Bicycle Bash
by Alison Farrell
Both a story and a search-and-find book, readers will follow along as Etta attends a special event in Cycle City.

Busy Spring Nature Wakes Up
by Sean Taylor and Alex Morss, illustrated by Cinyee Chiu
I love this book! A sister and brother join their dad in the garden where they notice signs of spring –– the birds building nests, the bee flying by, the tadpoles swimming, and as they do, the kids pretend to play and sing like the birds and frogs. They notice the insects in the compost and talk about the new life and growing things. Six more pages of back-matter talk about spring in including the animals and growing things, ending with ideas for how you can help birds and other growing things.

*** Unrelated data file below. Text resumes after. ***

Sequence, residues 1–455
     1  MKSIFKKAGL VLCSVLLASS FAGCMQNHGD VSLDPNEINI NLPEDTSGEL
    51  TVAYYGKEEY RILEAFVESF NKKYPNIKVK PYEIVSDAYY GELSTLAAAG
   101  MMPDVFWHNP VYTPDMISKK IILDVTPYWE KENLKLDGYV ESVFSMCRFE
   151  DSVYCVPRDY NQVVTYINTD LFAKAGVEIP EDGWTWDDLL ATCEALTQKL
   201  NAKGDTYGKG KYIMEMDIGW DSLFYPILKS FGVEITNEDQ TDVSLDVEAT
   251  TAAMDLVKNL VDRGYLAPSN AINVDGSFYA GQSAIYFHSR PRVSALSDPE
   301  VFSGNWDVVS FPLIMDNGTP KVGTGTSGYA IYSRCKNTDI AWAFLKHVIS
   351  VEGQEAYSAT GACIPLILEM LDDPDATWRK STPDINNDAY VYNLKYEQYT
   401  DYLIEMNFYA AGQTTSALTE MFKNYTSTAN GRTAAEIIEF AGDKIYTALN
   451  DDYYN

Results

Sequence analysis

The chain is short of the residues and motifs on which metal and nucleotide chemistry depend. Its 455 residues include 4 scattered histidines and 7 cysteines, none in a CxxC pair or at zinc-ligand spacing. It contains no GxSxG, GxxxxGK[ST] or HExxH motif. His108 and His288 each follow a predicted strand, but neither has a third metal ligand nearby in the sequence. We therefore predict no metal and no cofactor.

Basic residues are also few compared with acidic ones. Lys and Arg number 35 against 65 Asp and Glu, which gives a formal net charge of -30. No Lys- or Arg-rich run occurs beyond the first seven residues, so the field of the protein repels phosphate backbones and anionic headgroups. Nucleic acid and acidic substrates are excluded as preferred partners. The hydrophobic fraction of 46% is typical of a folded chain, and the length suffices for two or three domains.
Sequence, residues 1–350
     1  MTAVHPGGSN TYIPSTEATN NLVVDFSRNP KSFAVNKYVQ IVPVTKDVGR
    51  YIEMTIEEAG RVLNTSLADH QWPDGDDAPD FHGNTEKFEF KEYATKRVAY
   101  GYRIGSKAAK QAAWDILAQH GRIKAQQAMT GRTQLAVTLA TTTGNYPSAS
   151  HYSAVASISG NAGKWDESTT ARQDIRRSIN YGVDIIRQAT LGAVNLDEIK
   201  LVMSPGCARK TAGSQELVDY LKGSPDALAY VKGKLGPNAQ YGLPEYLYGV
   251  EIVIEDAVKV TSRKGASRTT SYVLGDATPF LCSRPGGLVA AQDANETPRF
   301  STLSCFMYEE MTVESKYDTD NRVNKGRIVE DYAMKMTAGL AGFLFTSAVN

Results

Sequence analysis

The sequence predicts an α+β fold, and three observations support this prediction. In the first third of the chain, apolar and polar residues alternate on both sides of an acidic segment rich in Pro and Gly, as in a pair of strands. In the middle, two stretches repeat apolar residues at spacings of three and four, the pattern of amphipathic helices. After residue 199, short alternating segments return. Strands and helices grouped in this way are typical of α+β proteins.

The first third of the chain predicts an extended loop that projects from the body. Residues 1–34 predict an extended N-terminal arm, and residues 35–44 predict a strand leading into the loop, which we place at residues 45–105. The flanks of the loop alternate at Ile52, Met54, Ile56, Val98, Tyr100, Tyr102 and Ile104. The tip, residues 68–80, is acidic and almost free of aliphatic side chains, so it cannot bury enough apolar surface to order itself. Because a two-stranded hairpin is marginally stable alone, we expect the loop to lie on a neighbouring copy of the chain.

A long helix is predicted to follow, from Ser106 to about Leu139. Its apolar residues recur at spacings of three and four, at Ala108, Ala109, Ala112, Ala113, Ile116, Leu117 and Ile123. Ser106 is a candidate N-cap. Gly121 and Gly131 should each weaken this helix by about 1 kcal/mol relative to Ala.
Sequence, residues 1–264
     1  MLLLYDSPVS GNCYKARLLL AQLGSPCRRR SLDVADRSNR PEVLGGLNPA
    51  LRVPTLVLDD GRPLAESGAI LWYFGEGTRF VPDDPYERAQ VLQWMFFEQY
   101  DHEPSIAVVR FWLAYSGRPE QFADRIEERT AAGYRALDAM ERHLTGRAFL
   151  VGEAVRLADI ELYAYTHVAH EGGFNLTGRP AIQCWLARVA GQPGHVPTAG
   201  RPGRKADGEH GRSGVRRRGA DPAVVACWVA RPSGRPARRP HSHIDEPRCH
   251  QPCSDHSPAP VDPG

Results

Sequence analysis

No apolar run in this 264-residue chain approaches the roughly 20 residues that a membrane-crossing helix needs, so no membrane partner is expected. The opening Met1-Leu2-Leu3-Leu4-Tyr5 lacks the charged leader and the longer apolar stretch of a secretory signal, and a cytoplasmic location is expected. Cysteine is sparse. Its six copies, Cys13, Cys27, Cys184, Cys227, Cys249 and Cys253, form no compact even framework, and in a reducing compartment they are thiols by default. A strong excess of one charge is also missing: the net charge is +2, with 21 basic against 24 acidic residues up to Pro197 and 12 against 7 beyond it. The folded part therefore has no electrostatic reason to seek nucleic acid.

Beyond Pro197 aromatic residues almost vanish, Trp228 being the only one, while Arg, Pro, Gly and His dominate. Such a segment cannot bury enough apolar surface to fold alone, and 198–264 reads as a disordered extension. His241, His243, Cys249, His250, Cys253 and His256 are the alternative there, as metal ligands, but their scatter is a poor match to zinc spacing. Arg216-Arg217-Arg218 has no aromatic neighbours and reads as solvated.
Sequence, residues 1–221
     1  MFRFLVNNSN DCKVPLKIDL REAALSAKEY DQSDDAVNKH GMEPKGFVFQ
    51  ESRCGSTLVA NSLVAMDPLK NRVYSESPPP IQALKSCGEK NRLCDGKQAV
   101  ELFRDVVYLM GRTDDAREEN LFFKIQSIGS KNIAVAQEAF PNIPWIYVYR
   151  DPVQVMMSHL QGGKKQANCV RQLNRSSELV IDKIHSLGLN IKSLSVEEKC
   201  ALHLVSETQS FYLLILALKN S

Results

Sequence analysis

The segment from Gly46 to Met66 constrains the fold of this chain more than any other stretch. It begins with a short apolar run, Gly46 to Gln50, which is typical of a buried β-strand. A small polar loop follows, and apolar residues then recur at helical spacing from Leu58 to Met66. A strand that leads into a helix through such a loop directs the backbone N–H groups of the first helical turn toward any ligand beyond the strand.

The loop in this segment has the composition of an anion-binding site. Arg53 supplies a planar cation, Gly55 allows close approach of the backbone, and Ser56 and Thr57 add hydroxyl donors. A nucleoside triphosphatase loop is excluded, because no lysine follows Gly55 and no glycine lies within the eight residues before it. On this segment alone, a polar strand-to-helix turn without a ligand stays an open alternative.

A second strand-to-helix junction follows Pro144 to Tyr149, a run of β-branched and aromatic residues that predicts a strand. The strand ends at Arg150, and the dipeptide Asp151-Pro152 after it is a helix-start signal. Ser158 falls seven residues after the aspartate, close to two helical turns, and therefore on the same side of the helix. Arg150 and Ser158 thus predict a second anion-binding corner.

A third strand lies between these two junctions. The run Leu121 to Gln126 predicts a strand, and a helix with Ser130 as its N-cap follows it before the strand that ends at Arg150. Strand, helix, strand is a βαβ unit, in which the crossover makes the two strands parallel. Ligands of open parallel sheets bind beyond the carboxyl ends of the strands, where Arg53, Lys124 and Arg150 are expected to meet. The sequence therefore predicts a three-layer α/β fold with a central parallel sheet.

In My Dreams I Can Fly
by Eveline Hasler, illustrated by Kathi Bhend
A sweet story showing that even when things are disappointing, they also might turn out to be good…A group of five friends live underground (beetle, caterpillar, grub, two worms) and prepare for winter. But the beetle eats his friend’s saved onion which is sad but it grows into something bigger. Also, the caterpillar goes missing and the friends are worried until they see her again in spring in her new butterfly body.

The Snail with the Right Heart A True Story
by Maria Popova, illustrated by Ping Zhu
Read about Jeremy, a snail that has a highly unusual mirror-image lefty shell. The scientists are fascinated with him — and hope they can find another mirror image snail for a partner and buildings. You’ll learn about recessive genes and how snails are both boys and girls and can make babies without a mate. What’s more, I’m sure this story will inspire readers to research more about snails and genetics. Oversized, dramatic artwork, fascinating.